Mass protests bring down Romanian government

By Peter Schwarz
7 February 2012

The Romanian government resigned on Monday, in the wake of mass protests against its austerity measures over the past three weeks.

Prime Minister Emil Boc explained his resignation in a televised cabinet meeting by saying he wanted to diffuse social tensions without compromising his unpopular austerity measures. “I took this decision to release the tension in the country's political and social situation, but also in order not to lose what Romanians have won.”

President Traian Basescu immediately appointed former justice minister Catalin Predoiu as acting prime minister. The 43-year-old Predoiu is a non-affiliated politician who first took office in 2008 as a member of the National Liberal Party (PNL). Following the election of Emil Boc of the Liberal Democrats (PDL) in December 2008, a new government was formed, and the National Liberals went into opposition. Predoiu stayed on as justice minister and resigned from his party. He played a key role in the relations with the European Union, which Romania joined in 2007.

It remains unclear whether Predoiu will lead the government until the general election scheduled in November or if elections will be called early. There is discussion about the formation of a “technocrat” regime similar to those already established in Greece and Italy.

In its three-and-a-half year tenure, the Boc government has implemented the harshest austerity measures in all of Europe. Although the average wage in Romania is only €350 a month, the government cut public service salaries by 25 percent and increased the value added tax from 19 to 24 percent. Over 200,000 public service employees have lost their jobs since 2009.

In 2009, Boc worked closely with the European Union and the International Monetary Fund imposing the required cuts. These were the conditions demanded for the €20 billion loan that the country required in order to weather the international financial crisis.

The IMF is confident that Boc’s austerity program will be continued after his resignation. The IMF representative in Bucharest, Jeffrey Franks, told Reuters that he did not expect that the IMF agreement would be affected by the change in government.

“I see no reason necessarily for this to have a material effect on the aid agreement,” Franks said. “We have every expectation the agreement will continue.”

Crucial to Frank’s conviction is the fact that all of the country’s opposition parties and trade unions support in principle the deals struck with the IMF. This is also the reason why popular outrage over the harsh austerity measures found no outlet for a long time. The unions have betrayed every labour dispute in recent years, organising sporadic toothless protests aimed at letting off steam.

The situation changed in January following the resignation of Deputy Health Minister Raed Arafat. On national television, President Basescu had called Arafat a “liar” and “enemy of private health care” because he opposed the privatization and extensive destruction of the health system.

Solidarity demonstrations for Arafat developed rapidly into protests against the entire program of austerity. These protests took place largely outside of the control of opposition parties and trade unions, and spread across the country. The government's attempt to intimidate demonstrators with brutal police operations, water cannons, tear gas, arrests and fines, had no effect. The reinstatement of Arafat and the dismissal of Foreign Minister Teodor Baconschim, who denounced the demonstrators as a “violent and rude rabble,” also failed to ease tensions.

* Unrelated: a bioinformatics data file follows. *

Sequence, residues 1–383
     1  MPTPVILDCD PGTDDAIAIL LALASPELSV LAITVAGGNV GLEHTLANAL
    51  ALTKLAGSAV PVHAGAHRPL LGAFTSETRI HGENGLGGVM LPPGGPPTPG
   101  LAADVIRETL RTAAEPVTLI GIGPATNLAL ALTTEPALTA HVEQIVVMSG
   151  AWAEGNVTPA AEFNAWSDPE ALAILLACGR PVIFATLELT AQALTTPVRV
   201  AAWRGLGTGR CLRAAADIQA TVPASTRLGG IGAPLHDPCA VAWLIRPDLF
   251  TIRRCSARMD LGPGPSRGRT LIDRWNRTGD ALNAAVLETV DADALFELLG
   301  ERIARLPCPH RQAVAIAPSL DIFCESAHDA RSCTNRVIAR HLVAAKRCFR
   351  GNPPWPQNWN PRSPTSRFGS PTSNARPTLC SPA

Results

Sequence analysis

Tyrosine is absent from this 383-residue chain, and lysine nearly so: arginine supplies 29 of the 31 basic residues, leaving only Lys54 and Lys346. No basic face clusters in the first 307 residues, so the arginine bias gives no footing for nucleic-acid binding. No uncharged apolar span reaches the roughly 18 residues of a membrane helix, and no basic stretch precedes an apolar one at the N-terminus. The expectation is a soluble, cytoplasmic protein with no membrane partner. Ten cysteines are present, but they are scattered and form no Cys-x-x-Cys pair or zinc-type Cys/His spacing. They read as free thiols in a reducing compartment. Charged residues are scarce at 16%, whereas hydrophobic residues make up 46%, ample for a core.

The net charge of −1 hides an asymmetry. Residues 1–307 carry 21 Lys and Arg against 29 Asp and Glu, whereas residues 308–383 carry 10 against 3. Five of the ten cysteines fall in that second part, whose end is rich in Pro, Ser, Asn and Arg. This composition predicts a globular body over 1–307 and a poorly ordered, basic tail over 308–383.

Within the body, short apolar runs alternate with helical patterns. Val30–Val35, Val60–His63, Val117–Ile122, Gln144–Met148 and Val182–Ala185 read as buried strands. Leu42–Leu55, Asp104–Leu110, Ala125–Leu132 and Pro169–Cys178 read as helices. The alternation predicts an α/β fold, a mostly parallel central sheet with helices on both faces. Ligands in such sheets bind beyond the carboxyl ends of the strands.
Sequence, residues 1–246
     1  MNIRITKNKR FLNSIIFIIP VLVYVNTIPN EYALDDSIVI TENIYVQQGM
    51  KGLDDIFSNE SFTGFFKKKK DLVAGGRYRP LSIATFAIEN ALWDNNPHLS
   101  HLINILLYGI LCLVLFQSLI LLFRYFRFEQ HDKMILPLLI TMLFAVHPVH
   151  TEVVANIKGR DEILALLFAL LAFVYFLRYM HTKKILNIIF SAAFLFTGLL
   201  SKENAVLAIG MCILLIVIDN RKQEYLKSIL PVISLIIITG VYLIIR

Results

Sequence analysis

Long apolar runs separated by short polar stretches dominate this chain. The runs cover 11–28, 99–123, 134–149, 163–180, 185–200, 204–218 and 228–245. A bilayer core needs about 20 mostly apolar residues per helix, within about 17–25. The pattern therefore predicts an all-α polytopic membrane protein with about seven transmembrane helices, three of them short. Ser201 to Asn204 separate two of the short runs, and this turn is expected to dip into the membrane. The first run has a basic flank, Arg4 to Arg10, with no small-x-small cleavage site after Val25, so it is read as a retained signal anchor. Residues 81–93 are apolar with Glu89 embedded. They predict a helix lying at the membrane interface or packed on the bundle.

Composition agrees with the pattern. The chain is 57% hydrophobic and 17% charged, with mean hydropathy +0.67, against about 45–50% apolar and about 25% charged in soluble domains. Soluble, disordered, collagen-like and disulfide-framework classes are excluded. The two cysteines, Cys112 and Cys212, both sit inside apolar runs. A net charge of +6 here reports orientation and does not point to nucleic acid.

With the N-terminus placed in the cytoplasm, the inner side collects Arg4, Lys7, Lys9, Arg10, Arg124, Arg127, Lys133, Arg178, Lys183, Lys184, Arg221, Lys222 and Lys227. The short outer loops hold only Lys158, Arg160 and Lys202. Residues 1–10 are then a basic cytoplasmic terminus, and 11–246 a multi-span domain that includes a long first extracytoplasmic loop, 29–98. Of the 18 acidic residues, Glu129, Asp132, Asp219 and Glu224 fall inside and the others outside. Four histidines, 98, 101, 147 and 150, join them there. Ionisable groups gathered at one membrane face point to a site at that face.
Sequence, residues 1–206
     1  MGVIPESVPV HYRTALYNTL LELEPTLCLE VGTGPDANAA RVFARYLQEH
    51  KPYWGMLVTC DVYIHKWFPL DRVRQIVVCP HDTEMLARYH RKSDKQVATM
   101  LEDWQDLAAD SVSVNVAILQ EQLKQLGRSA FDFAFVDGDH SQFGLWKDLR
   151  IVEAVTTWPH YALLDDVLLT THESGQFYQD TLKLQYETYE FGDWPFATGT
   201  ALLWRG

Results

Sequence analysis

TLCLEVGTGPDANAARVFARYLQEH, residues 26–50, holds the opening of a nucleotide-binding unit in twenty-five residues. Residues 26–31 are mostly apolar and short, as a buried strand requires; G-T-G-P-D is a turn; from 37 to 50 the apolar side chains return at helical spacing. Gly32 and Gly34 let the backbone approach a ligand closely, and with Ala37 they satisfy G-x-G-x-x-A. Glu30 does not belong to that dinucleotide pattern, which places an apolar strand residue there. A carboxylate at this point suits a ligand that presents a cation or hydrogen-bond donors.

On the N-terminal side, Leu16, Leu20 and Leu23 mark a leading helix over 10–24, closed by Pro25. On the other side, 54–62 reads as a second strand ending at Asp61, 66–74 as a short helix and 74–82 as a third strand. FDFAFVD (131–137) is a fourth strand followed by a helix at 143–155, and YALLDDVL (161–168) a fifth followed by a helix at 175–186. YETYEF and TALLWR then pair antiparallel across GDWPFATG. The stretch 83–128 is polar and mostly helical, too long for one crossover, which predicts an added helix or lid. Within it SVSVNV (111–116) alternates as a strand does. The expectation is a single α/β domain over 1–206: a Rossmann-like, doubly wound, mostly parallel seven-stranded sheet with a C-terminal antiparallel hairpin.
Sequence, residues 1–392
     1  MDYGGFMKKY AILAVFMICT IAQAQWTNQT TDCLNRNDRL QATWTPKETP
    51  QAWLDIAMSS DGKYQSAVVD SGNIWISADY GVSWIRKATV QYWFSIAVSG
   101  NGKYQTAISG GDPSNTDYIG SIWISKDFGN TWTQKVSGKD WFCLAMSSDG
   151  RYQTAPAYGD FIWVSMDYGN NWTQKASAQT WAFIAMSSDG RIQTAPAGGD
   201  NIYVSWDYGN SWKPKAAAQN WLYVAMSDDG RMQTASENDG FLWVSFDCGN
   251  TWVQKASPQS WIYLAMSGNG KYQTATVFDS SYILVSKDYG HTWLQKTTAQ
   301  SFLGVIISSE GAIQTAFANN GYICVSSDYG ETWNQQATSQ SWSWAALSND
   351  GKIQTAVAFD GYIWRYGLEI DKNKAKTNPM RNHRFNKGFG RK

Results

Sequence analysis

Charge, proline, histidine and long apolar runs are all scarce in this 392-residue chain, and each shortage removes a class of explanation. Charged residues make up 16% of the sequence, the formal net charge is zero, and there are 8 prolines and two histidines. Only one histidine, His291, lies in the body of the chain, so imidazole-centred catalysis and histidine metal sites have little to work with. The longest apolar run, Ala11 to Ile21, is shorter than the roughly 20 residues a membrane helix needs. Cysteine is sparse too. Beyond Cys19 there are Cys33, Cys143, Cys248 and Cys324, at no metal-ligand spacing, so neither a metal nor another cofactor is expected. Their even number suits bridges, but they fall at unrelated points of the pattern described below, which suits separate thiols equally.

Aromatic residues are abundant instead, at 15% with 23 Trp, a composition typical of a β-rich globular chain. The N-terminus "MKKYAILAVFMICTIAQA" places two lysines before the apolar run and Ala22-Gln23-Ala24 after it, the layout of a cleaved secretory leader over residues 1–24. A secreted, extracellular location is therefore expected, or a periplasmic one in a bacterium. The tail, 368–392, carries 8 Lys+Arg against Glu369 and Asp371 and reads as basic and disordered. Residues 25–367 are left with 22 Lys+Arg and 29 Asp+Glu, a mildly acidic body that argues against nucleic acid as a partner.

The resignation of Boc once again shifts attention to the opposition parties, in particular the chairman of the PNL, Crin Antonescu. Antonescu has called for an early election and accused the Boc government of being the most “corrupt, incompetent and lying” since the fall of the former Stalinist regime in 1989.

Similar declarations were forthcoming from Victor Ponta, leader of the Social Democratic Party (PSD), which has joined with the PNL and Conservative Parties (PC) to form the opposition alliance—the Social Liberal Union (USL). Ponta declared that the USL now will carry out “responsible solutions and after early elections a government different from those in recent years.”

The Social Democrats and National Liberals are both establishment parties, which have already spent long periods in government. Their policies were virtually the same as those of the Liberal Democrats, with whom they formed a coalition for some time.

The Romanian parties are largely interchangeable. They often split, then reform and rejoin under different names. They embody a narrow elite, which during the past twenty years has divided the spoils from the privatisation of former state property. They have benefited from EU funds, while slashing spending for education, health care, pensions and wages.

This is clear to many who took to the streets in recent weeks. The protests were directed “against the entire political class, against the system” as Boc admitted to the Austrian Broadcasting Corporation. “The depth of the crisis of political confidence is demonstrated by polls which show that the popularity ratings of all politicians have fallen dramatically. No one has a rating of more than 25 percent. Experts wonder how Romanian politics can recover from this crisis.”

This general distrust of the established parties, however, lacks any clear perspective. Romanian workers can only defend their interests if they unite with workers across Europe who face the same attacks, on the basis of a socialist program that places social needs above the profit interests of the banks and the wealthy.

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